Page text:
A magnetic resonance system 1 according to the invention is presented in a general schematic in
The system includes the actual magnetic resonance scanner 2 in which a patient P or test subject is supported on a patient bed in an examination space or patient tunnel during an examination. In this magnetic resonance scanner 2 there are a number of components 3, 4, 5, 6, 7, 8 that are only schematically shown. These components 3, 4, 5, 6, 7, 8 include a basic magnetic field generation unit 3 which ensures that an optimally homogeneous basic magnetic field is present within the patient tunnel. Furthermore, the magnetic resonance scanner 2 contains gradient coils 4 with which a magnetic field gradient can be applied in a defined manner within the patient tunnel, as well as a radio-frequency (RF) coil arrangement 5 (for example a whole-body antenna) via which radio-frequency fields can be emitted in the patient tunnel. Also among the components are: a shim system 6 to improve the homogeneity of the basic magnetic field; a monitoring system 7 for general monitoring tasks; and a coil interface 8 at which additional coils (such as local coils, head coils or the like) that can be placed on the patient can be connected in order to then acquire magnetic resonance signals with these coils.
Such a magnetic resonance scanner has or can have a number of additional components that can be controlled in the same manner with the control system.
In the exemplary embodiment shown in
In addition to this, configurations are also possible in which multiple components are associated with a common equipment unit, or multiple equipment units are associated with one component. The equipment units 9 here contain various units, for example control units, supply units, measurement units and the like. In particular, at least one digital module 30 and one analog module 40 associated with this digital module 30 are contained in each equipment unit 9, which digital module 30 and analog module 40 control the associated component 3, 4, 5, 6, 7, 8 in a magnetic resonance scanner 2 according to a predetermined control sequence. In the exemplary embodiment, it is shown as an example only in one equipment units 9 that this can contain multiple digital modules 30 and analog modules 40.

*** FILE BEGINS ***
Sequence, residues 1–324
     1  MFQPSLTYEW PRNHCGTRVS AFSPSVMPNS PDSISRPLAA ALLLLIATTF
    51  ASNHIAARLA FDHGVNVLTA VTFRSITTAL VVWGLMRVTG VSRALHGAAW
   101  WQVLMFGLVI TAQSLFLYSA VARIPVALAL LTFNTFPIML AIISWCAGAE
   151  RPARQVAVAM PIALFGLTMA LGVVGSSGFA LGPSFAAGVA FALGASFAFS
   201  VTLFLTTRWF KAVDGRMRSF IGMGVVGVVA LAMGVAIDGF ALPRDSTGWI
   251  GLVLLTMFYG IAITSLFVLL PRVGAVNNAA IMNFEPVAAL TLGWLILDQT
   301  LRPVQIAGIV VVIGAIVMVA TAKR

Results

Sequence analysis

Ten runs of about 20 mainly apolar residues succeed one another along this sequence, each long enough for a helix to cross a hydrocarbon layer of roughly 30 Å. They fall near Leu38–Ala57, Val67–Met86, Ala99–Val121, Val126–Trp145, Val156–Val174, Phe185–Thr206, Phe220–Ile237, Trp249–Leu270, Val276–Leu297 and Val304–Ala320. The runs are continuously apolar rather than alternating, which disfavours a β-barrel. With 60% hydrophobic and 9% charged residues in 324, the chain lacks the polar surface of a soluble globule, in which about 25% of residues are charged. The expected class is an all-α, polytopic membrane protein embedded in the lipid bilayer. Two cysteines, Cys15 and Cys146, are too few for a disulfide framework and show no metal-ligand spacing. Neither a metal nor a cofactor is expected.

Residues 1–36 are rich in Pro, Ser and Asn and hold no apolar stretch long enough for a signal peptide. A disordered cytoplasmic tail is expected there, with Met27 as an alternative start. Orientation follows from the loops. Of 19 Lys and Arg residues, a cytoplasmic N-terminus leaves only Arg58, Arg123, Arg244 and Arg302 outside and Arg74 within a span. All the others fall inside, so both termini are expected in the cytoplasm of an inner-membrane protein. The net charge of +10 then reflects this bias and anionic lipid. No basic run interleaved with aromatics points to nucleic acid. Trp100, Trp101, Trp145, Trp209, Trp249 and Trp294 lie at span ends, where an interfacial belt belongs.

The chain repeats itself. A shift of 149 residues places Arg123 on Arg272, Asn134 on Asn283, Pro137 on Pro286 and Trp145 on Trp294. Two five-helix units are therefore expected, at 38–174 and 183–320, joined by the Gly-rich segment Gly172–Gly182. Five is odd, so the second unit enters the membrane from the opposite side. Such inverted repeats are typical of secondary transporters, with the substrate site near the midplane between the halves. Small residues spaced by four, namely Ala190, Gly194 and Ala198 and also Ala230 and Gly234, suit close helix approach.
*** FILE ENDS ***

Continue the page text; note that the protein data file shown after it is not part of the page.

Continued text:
The equipment units 9 can also fulfill very specific additional functions. For example, the analog modules 40 in the equipment units 9 can be fashioned as suitable power amplifiers for the radio-frequency coil arrangement 5 and/or the gradient coils 4. For example, the analog modules 40 in the equipment unit 9 for the coil interface 8 also can be fashioned as preamplifiers in order to accept magnetic resonance signals. The use of multiple digital modules 30 and analog modules 40 within an equipment unit 9 is particularly useful for the radio-frequency coil arrangement 5 (as shown in